"Macedonia on a physical level were superior to us in terms of dynamism, strength and determination," Capello said. "It is all clear: until we understand that the model to be copied is the German one, we will not move forward, because if we want to do it like the Spaniards, who have a superior technique, we will never be able to do it, we always do it at 50 per cent."

Capello said the Italian team to take heed of the German example were Atalanta, whose results showed it had benefits. They sit fifth in Serie A, having finished third last season, and are through to the Europa League quarter-finals.

"In Europe we play at a different pace, and we are not used to it," Capello said. "At the base there is this wrong idea of ​​football. We are the country of passing back to the goalkeeper."

Fabio Capello claimed former side England have a "monkey on their back and then fail" when it comes to finals.

Gareth Southgate's men reached their first major final in 55 years at Euro 2020, but lost on penalties as Italy claimed their first European Championship since 1968.

England have enjoyed relative success in September's World Cup qualifiers, crushing Hungary and Andorra 4-0 before conceding a late equaliser to draw 1-1 with Poland.

In the latter game, Southgate opted to not make any substitutions – the first time the Three Lions have done so since the Euro 1996 semi-final against Germany.

And Capello believes there is a reason for the England manager's lack of substitutes in Warsaw after heartbreak in the Euro 2020 final two months ago.

"If [Southgate] doesn't make subs it means he wants this group to be convinced to be strong, as the results proved," Capello, who managed England for five years until 2012, told reporters.

"Bear in mind, they have just botched half a match versus Italy in the final, when they were overwhelmed by fear and stopped playing.

"I know England and their problems. They have that monkey on their back to get to the final and then they fail."

England are unbeaten in their last 16 international matches (W13 D3) – their longest streak without defeat since a 16-game run between September 1995 and November 1996.

While international teams pursue qualification for Qatar 2022, FIFA's chief of global football development, Arsene Wenger, is pushing a biennial plan for future World Cups.

The former Arsenal manager's proposition, which was put to FIFA in May, would see global football's most important tournament switch to a two-year cycle.

UEFA president Aleksander Ceferin greeted the suggestions with disdain, but Capello revealed he would support the proposed changes as a player.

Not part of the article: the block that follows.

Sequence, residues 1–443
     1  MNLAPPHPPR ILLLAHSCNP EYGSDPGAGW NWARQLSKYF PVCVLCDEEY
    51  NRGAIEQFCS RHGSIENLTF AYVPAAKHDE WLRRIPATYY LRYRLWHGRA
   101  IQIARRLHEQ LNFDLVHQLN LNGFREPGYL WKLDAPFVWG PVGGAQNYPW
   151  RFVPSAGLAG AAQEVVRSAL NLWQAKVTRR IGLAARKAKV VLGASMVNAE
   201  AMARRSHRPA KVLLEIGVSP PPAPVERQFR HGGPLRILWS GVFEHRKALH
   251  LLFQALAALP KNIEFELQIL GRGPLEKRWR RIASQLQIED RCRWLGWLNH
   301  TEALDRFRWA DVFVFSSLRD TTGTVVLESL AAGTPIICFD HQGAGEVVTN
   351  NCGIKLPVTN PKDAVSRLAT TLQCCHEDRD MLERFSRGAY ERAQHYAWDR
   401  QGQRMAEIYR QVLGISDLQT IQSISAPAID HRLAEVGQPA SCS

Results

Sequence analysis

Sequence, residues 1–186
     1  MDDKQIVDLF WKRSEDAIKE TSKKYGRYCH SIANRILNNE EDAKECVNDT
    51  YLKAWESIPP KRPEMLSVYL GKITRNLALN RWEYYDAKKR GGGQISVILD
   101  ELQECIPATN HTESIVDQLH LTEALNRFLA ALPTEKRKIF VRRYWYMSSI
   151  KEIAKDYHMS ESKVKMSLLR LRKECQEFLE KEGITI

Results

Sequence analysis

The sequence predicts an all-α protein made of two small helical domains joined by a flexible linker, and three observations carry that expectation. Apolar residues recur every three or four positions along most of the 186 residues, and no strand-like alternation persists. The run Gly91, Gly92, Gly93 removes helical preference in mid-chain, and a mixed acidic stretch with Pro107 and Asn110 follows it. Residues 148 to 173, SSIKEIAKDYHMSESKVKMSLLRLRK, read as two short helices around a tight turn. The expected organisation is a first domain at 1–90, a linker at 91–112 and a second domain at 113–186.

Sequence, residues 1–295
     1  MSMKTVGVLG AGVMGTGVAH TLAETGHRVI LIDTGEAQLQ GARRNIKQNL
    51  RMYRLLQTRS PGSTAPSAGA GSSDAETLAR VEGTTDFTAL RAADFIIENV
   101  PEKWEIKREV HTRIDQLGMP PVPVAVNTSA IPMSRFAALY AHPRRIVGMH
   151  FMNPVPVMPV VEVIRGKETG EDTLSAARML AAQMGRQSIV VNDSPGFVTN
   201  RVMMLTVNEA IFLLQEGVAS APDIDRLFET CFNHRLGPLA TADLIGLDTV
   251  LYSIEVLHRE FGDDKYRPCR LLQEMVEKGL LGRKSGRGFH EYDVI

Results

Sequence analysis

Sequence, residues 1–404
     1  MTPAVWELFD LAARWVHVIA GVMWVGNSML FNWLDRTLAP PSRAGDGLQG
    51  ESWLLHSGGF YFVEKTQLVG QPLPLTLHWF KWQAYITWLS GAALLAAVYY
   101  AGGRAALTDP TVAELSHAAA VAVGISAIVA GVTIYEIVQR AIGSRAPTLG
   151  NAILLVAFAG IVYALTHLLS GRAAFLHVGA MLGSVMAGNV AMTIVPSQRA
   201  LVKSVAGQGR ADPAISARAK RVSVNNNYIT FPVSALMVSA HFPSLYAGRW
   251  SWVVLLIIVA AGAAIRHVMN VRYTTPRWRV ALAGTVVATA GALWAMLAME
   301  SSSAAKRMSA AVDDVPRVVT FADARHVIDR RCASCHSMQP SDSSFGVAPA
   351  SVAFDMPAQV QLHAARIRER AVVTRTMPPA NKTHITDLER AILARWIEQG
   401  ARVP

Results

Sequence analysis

"As a player, I would like the World Cup to be played every two years," the 75-year-old Italian continued.

"Four years is a long time and sometimes you are at the top of your game but when the World Cup comes you are not and you have no chance to shine.

"At the same time, waiting four years makes that trophy more coveted and important, it is bigger.

"Every two years, this value would decrease but again, as a player, I played the World Cup just once, and the second time I missed it for the width of a hair, so I would [play every two years]."

Fabio Capello labelled Juventus' display in their 3-0 loss to Milan "embarrassing" as the pressure continues to grow on head coach Andrea Pirlo.

Juve's first home league defeat at the hands of Milan since March 2011 leaves them fifth in Serie A and a point off the Champions League spots with three games to go.

Brahim Diaz opened the scoring for the visitors on the brink of half-time and Ante Rebic added a second 12 minutes from time after Franck Kessie had a penalty saved.

Fikayo Tomori rounded off the scoring late on at the Allianz Stadium in a game in which Juve managed only one shot on target across the 90 minutes.

It is the third time in five games they have failed to test the opposition keeper before half-time, with Alvaro Morata and Cristiano Ronaldo touching the ball once in the penalty area between them during the first 45 minutes.

At the opposite end of the field, the Bianconeri have conceded goals in each of their past 11 Serie A games, which is their worst streak since April 2010.

While Capello does not believe Milan deserve any special praise for their performance in Turin, he has questioned whether Juve can currently be classed as an elite club.

"What we saw from Juventus was embarrassing," he told Sky Sport Italia. "In the first half they did not exist. It was the same against Udinese last week. 

"They were without ideas and Milan did their part, without having to do difficult things. Juventus tried to press but without aggression and never managed to recover the ball. 

"In the first half there was a huge amount of wrong passes. Watching the game, I had to ask, 'are these Super League teams?'. 

"The second half was a bit better. Milan's goals unlocked the game and Juve woke up after the missed penalty, but not enough. Gianluigi Donnarumma made only one save."

Having missed out on the Scudetto for the first time in a decade, Juve now risk failing to qualify for the Champions League for the first time since 2010-11.